Patience isn’t always recognized. Many mistake patience for slothfulness or wasting time. Time is money, but that doesn’t mean we should always spend it. Good things come to those who wait. When we live in haste we tend to forget the value of patience.
Sometimes patience requires action to create the opportunity to wait for something good. This is called perseverance. Making peace, for example, requires perseverance, before results are anywhere in sight.
While good things come to those who are patient, the best things come to those who persevere. As Jesus said, peacemakers shall be called sons of God. · · · →
Nothing beats good, old fashion hard work. And nothing reminds us of this more than watching a sloth eat. It even looks exhausted having to chew its own food.
Hard work doesn’t excuse the need for hard thinking. Wicked men are too lazy to work, while hard-working leaders often give unintentional injustice from lack of attention to detail.
Laziness comes in many forms and all of it can lead to one’s failure—even failure to rise in the first place.
Diligence is a good teacher. Does hard work support practical needs or is hard work a practical need in itself? · · · →
Making rounds, calling to check up on the family business, paying bills, and putting food on the table—these don’t involve much emotion or personal empathy, yet are the reason God is called “God the Provider”.
In the End, rebellious Angels will be despised for their inability to fulfill practical needs, for more than a short time. It’s the reason evil needs to harness good men rather than conquer them. And it’s the reason evil empires of money and military always fail, eventually.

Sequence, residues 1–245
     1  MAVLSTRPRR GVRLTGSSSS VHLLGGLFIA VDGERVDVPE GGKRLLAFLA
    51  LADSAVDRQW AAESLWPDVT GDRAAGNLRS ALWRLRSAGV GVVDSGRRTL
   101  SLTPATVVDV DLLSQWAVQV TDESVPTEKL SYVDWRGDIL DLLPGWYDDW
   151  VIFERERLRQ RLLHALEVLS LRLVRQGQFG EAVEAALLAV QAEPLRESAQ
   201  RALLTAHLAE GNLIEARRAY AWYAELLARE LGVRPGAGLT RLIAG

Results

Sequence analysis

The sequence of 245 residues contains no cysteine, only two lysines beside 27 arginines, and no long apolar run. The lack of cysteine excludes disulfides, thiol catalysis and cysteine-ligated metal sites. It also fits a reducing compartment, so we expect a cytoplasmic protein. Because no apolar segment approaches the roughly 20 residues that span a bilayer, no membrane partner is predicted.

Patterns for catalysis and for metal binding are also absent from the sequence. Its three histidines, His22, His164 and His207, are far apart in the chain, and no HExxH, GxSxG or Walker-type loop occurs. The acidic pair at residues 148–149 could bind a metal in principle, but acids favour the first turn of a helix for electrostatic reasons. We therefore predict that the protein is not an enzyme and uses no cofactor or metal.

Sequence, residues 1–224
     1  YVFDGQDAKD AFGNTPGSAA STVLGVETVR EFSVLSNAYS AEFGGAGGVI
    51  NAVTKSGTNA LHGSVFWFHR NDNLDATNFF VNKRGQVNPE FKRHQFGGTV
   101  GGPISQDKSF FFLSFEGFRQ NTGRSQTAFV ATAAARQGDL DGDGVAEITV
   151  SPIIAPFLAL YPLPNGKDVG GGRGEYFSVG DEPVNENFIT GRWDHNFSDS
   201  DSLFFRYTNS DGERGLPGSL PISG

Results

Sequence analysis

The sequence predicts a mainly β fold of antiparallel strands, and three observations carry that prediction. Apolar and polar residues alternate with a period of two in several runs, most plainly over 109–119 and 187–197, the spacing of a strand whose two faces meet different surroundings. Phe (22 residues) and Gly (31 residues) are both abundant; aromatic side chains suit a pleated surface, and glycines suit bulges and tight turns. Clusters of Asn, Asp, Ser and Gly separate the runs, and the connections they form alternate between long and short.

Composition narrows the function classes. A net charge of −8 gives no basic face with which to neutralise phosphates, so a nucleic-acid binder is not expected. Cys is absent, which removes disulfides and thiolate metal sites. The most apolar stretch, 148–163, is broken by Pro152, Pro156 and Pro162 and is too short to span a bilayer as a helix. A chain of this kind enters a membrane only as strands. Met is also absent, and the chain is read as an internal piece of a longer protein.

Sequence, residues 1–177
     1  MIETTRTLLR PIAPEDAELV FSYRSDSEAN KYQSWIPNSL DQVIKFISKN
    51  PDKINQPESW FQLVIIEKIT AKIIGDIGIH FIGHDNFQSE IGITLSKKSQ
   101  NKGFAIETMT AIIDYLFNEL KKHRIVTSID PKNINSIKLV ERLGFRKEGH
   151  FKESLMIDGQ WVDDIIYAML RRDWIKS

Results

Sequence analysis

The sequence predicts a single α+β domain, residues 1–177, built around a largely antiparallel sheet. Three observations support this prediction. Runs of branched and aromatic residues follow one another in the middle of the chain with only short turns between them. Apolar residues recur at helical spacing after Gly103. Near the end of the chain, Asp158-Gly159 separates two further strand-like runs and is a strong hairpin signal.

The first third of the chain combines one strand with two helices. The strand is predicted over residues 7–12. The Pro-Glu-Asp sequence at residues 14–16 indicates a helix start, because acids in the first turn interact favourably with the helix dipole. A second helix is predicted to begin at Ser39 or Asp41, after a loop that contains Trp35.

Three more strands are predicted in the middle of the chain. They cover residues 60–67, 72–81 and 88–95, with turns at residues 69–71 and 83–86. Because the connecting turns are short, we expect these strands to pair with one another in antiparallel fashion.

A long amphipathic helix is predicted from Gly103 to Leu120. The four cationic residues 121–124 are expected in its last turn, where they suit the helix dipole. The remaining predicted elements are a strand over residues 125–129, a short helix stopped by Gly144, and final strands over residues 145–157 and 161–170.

For Angels, prayer is a practical need—one example of how America overlooks many practical, daily needs. · · · →
The biggest complaint I hear against organized Churchianity is the injustice Christians give each other every day. Christians allow scandal after scandal of dominating each other, neglecting needs, disunity, just to name a few.
Inviting non-Christians to join the scandals we harbor will only make future evangelism more difficult—and rightly so.
It’s as if Christians think non-Christians are blind to injustice, as if Christians have the corner on every good idea, and they’re actually surprised at non-Christian brilliance. Evangelism would be faster and easier if Christians plucked the log. But, first, they’d have to give non-Christians some overdue credit. · · · →